You know, despite the fact I’m involved in making flash games I never really wonder much about other developers. When I’m playing a game, it never really crosses my mind to think about what sort of person made it.

The only reason I bring this up is because I was surprised to find out this game was made by a woman. That’s quite a sexist reaction, I’ll admit, but it’s one inspired by the image of a stereotypical gamer that’s promoted by the media – a male, white, English-speaking basement dweller in their twenties.

Of course, deep down I know that stereotype isn’t true (I’m in my thirties now) but it’s an interesting thing to keep in mind. There are people of all nationalities, ages and genders creating flash games and the best games are often the ones where people have imprinted their sense of humour and sensibilities into it (by the way, have you played Wasted Youth yet?).

This game is a good example. There’s a nice sense of humour running through it, with several snail friends to speak to as you make your way to the end.


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There’s no prejudice in this game. There are snails of every colour imaginable.


The gameplay itself is a platformer in a Metroidvania style – perhaps it should have been called Casnailvania. For anyone unfamiliar with the concept, it basically involves a platforming maze where you can find new weapons and abilities that allow you to go back and overcome previously impassable obstacles.

The key test any game of this type needs to overcome is whether it’s fun enough to make up for all the backtracking you’ll be doing, and fortunately the answer is yes.

The controls do feel a little imprecise at times and squeezing into small gaps can be momentarily annoying, but there are plenty of checkpoints and the learning curve is set right.

The game is actually pretty difficult, which surprised me. The simple graphics and primary colours hide a challenge that will keep you going for about an hour, longer if you want to get 100 per cent completion.


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He’s not just a pretty snail, he has depth too.


The game’s name, Snailiad, was inspired by the Iliad. The story… has absolutely nothing to do with the Iliad. If you were expecting an epic tale of war, you’re going to be disappointed.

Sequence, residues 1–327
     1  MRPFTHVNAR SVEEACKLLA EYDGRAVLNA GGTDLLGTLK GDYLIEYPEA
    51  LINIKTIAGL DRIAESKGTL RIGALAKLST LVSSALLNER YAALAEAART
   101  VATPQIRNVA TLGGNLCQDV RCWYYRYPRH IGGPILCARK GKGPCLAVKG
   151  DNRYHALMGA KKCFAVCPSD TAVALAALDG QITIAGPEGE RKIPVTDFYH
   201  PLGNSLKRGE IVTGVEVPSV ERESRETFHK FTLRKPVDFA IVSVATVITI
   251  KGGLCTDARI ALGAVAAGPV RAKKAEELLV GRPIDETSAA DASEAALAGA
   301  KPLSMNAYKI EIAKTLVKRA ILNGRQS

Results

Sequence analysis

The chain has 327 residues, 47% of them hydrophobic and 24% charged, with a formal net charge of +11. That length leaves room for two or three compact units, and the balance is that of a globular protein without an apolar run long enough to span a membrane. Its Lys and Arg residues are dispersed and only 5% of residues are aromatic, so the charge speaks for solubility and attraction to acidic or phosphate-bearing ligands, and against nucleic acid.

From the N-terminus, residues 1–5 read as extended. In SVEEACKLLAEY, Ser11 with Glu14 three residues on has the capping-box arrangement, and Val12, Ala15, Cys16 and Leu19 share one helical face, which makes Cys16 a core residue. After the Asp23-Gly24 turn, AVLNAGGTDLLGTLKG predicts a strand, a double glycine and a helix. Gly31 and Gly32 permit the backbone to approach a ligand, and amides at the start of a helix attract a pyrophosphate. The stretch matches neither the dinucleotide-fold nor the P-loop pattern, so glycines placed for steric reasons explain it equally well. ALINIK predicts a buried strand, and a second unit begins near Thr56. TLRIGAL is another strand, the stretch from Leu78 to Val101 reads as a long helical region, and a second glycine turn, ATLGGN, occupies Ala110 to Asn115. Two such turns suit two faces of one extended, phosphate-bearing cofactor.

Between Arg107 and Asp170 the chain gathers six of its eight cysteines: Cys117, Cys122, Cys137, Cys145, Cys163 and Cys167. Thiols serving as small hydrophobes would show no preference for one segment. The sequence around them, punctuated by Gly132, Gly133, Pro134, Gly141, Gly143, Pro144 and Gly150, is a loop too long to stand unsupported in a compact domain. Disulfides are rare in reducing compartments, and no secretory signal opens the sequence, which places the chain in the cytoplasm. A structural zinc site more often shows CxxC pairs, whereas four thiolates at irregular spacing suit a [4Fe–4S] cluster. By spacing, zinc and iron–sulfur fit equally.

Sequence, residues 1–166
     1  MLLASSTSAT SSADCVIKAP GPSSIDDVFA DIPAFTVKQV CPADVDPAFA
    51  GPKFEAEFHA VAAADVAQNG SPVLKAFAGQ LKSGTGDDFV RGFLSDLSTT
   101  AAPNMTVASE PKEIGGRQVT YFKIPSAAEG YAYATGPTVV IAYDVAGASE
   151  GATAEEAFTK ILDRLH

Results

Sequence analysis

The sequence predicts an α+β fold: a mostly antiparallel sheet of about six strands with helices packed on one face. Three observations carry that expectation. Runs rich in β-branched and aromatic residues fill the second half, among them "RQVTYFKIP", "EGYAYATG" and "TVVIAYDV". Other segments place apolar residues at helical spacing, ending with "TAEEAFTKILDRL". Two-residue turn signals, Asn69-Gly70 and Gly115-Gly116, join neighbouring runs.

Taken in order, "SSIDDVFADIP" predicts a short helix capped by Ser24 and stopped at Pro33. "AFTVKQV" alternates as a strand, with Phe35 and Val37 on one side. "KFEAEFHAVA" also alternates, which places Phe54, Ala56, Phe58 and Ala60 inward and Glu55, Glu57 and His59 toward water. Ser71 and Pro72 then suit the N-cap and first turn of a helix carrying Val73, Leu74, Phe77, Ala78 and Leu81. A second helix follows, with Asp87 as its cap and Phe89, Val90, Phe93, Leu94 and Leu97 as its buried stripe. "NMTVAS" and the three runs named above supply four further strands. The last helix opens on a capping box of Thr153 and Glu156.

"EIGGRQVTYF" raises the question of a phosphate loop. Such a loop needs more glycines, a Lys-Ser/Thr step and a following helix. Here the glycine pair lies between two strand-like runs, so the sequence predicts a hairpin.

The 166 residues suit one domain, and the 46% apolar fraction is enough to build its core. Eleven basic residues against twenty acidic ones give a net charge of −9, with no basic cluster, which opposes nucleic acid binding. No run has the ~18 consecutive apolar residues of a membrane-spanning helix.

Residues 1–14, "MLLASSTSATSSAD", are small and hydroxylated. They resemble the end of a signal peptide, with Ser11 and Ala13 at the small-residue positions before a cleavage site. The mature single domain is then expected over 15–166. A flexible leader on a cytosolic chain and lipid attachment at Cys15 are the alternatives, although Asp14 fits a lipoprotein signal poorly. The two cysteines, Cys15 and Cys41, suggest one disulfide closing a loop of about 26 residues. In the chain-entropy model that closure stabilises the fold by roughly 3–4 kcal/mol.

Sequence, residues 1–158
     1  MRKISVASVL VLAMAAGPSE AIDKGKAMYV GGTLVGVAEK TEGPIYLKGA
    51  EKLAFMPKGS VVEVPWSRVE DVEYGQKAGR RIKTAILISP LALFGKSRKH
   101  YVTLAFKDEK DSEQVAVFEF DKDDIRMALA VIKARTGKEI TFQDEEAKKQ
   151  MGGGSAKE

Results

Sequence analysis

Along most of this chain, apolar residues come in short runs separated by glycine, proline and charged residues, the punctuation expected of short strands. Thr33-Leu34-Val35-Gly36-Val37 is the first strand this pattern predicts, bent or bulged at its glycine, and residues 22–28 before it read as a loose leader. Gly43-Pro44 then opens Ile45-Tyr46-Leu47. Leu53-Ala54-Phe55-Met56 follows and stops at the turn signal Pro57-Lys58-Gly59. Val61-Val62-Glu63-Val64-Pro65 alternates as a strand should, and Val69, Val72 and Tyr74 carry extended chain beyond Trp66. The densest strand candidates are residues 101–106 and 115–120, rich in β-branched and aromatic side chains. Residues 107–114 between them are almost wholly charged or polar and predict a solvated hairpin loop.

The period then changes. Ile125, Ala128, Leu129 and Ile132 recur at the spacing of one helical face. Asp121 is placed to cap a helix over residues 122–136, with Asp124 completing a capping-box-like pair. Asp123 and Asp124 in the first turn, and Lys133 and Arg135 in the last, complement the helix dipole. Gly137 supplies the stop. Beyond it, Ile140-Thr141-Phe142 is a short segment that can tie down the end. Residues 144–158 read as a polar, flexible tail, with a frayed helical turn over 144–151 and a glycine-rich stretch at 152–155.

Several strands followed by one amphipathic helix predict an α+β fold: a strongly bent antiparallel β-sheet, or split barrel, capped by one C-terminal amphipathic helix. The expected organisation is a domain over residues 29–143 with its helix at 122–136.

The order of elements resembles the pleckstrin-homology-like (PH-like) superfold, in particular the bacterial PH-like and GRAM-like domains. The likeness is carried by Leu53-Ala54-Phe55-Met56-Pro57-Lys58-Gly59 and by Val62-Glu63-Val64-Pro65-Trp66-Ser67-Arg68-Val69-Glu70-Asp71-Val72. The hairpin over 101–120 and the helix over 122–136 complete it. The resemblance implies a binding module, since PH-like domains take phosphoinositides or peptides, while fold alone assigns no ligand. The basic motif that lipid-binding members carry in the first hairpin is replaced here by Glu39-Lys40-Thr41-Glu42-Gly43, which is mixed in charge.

Or will you?

The story casts you as Snaily Snail, who is on a quest to stop the Sun Snail who has gone evil and become the super-powerful Moon Snail (why is the Moon character always the evil one? The Sun gives you cancer, for God’s sake).


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You’ll need all your platforming skills and all the power-ups you can get to beat him – there are several bosses to face on your quest and he is by far the toughest.

Items include heart containers for extra HP, various weapons (each of which renders the previous ones irrelevant) and helix shells, which you’ll need to collect to get the best ending.

Luckily, being a snail, Snaily Snail can walk up walls and on ceilings. This makes investigation a lot easier but it’s not the gamebreaker you’d imagine it to be. The entire game has been designed with this dynamic in mind. You’ll also be using your weapons to bust open secret walls and crawling around to find secret passages.

Once you’ve finished the game, there’s a super hard boss rush mode to complete (which I did first time, HA!).


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He’s a bit of a violent bastard, as far as snails go. He can also jump. Seeing as no other snails can do that, I think that makes him the chosen one.


So if you’re looking for platforming fun and you love snails, this game is the one for you. Heck, even if you don’t like snails you’ll probably have a blast.

Just to finish off, I got in touch with the game’s creator Auriplane and asked some deeply insightful questions into the processes of making the game and what inspired her to create it.


Q: Soooo… why are snails so great?

A: I don’t know, I just think they’re cute. I see them outside sometimes, crawling around slowly, nomming on some grass.


Thank you for your time. Here, have a snail.


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Help Snaily Snail on his epic quest!: Snailiad



Written by: Richard Wilson


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